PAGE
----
• Minister of Communication Muhammad Tawfaq Allawi, Iraqi National List, Iraqi National Movement
  • Minister of Culture Sadoun Dulaimi, Unity of Iraq, Centrist Alliance
  • Minister of Education Muhammad Tamim, Iraqi National Dialogue Front, Iraqi National Movement
  • Minister of Environment Sargon Sliwa Lazar, Assyrian Democratic Movement
  • Minister of Finance Rafi Issawi, National Future Gathering, Iraqi National Movement
  • Minister of Foreign Affairs Hoshyar Zebari, Kurdistan Democratic Party, Kurdish Coalition, and acting Minister for Women Affairs
  • Minister of Health Muhammad Amin, Patriotic Union of Kurdistan, Kurdish Coalition
  • Minister of Higher Education Ali al-Adeeb, State of Law, Iraqi National Coalition, and Acting Minister of National Reconciliation
  • Minister of Housing Muhammad Darraji, Sadr, Iraqi National Coalition, and acting Minister of Public Works
  • Minister of Human Rights Muhammad Shaia’a Sudani, State of Law, Iraqi National Coalition 
  • Minister of Immigration and Displacement Dindar Shafiqq, Kurdistan Islamic Union, Kurdish Coalition, and acting Minister of Civil Society
  • Minister of Industry Ahmad Nasser al-Dali Karbuli, Renewal List, Iraqi National Movement
  • Minister of Justice Hasan Shammari, Fadhila, Iraqi National Coalition
  • Minister of Labor Nassar Rubaie, Sadr, Iraqi National Coalition, and acting Minister Of Planning
  • Minister of Oil Abdul Karim Luaibi, State of Law, Iraqi National Coalition
  • Minister of Science and Technology Abdul Karim al-Samarraie, Renewal List, Iraqi National Movement
  • Minister of Sports Jasim Muhammad Jaffar, State of Law, Iraqi National Coalition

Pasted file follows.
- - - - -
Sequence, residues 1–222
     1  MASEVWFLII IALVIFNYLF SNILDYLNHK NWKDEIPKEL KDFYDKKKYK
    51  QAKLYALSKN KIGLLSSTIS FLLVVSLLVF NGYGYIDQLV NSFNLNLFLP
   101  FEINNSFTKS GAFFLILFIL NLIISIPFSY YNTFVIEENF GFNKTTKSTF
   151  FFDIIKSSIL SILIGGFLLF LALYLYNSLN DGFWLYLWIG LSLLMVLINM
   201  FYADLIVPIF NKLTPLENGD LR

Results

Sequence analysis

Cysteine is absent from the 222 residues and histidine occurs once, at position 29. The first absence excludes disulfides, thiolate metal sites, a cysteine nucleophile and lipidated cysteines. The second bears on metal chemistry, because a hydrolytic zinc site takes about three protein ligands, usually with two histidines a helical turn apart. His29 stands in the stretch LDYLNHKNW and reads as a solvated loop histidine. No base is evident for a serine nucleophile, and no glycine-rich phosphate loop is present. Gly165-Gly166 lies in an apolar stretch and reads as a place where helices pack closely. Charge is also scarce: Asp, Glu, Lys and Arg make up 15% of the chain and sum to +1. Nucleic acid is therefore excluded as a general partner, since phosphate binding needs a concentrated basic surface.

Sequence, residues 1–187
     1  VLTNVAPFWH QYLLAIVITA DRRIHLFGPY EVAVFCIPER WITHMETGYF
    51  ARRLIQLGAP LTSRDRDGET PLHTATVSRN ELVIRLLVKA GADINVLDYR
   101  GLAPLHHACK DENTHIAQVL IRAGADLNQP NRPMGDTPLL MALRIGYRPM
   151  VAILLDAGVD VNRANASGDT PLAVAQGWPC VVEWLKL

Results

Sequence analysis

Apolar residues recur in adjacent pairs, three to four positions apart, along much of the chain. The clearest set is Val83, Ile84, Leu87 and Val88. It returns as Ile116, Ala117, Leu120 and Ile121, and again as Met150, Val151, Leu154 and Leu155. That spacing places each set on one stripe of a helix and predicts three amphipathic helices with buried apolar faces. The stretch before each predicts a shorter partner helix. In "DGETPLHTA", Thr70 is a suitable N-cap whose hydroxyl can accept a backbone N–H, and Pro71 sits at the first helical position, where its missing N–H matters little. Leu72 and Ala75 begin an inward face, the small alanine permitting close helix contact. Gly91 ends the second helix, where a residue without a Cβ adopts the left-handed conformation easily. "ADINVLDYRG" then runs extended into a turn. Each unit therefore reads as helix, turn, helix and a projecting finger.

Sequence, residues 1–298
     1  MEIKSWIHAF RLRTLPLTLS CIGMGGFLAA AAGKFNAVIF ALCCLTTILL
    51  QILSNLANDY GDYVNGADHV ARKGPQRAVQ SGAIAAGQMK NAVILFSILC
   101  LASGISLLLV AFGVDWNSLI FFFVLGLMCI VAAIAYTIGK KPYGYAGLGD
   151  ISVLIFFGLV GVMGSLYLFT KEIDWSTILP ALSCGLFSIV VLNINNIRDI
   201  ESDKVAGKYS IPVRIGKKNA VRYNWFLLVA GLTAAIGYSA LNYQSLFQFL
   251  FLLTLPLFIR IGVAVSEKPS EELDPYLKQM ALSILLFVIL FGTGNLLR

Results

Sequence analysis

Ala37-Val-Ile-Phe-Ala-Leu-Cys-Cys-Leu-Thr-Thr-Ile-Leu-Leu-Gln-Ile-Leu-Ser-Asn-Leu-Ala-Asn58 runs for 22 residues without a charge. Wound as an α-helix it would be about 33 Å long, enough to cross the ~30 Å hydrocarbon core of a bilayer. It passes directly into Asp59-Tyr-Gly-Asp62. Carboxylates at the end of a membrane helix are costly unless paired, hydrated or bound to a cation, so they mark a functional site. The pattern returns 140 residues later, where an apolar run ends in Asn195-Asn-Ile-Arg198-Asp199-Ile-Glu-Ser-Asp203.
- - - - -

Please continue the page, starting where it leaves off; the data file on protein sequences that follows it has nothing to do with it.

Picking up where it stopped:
• Minister of State Salah Muzahim Darwish, Iraqi National Dialogue Front, Iraqi National Movement
  • Minister of State Abdul al-Mahdi al-Mutayri, Sadr, Iraqi National Coalition
  • Minister of State Salah Jabouri, Iraqi National Dialogue Front, Iraqi National Movement
  • Minister of State Hassan al-Sari, Hezbollah Iraq, Iraqi National Coalition
  • Minister of State Bushra Hussain Saleh, Fadhila, Iraqi National Coalition 
  • Minister of State for Foreign Affairs Ali al-Sajri, Unity of Iraq, Centrist Alliance
  • Minister of State for Government Spokesmanship Ali al-Dabbagh, State of Law, Iraqi National Coalition
  • Minister of State for Parliamentary Affairs Safi al-Din al-Safi, State of Law, Iraqi National Coalition
  • Minister of State for Provincial Affairs Turan Matthaw Hassan, Iraqi Turkmen Front, Iraqi National Movement 
  • Minister of State for Tribal Affairs Jamal Batikh, Iraqi National Movement
  • Minister of Tourism Lewaa Smisam, Sadr, Iraqi National Coalition
  • Minister of Transportation Hadi al-Ameri, Badr Organization/Supreme Islamic Iraqi Council, Iraqi National Coalition

Positions By List

  • Iraqi National Coalition: Prime Minister, Deputy Premier for Energy, Deputy Speaker of Parliament, Ministries of Defense (temp), Education, Electricity (temp), Housing, Human Rights, Interior (temp), Justice, Labor, National Reconciliation (temp), National Security (temp), Oil, Planning (temp), Public Works (temp), Sports, State x3, State for Foreign Affairs, State for Government Spokesmanship, State for Parliamentary Affairs, Tourism, Transportation - 21 ministries total, 7 temporary
  1. State of Law: Prime Minister, Deputy Premier for Energy, Ministries of Defense (temp), Education, Electricity (temp), Human Rights, Interior (temp), National Reconciliation (temp), National Security (temp), Oil, Sports, State for Government Spokesmanship, State for Parliamentary Affairs - 11 ministries total, 5 temporary
  2. Sadrists: Deputy Speaker of Parliament, Ministries of Housing, Labor, Planning (temp), Public Works (temp), State, Tourism - 6 ministries total, 2 temporary
  3. Fadhila: Ministries of Justice, State - 2 ministries total
  4. Hezbollah Iraq: Ministry of State - 1 ministry total
  5. Supreme Islamic Iraqi Council: Ministry of Transportation - 1 ministry total
  • Iraqi National Movement: Speaker of Parliament, Deputy Premier, Ministries of Agriculture, Communication, Education, Finance, Industry, Science and Technology, State x2, State for Provincial Affairs, State for Tribal Affairs - 10 ministries total